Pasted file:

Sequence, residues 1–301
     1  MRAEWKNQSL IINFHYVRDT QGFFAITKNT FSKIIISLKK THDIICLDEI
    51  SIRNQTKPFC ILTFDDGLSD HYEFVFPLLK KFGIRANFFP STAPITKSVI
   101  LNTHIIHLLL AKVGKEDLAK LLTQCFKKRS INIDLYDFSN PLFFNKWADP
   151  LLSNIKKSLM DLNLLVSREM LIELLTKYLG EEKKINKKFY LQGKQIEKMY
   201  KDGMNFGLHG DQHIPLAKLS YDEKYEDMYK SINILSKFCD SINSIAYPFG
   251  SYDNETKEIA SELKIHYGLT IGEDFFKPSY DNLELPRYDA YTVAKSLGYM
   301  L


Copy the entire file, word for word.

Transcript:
Sequence, residues 1–301
     1  MRAEWKNQSL IINFHYVRDT QGFFAITKNT FSKIIISLKK THDIICLDEI
    51  SIRNQTKPFC ILTFDDGLSD HYEFVFPLLK KFGIRANFFP STAPITKSVI
   101  LNTHIIHLLL AKVGKEDLAK LLTQCFKKRS INIDLYDFSN PLFFNKWADP
   151  LLSNIKKSLM DLNLLVSREM LIELLTKYLG EEKKINKKFY LQGKQIEKMY
   201  KDGMNFGLHG DQHIPLAKLS YDEKYEDMYK SINILSKFCD SINSIAYPFG
   251  SYDNETKEIA SELKIHYGLT IGEDFFKPSY DNLELPRYDA YTVAKSLGYM
   301  L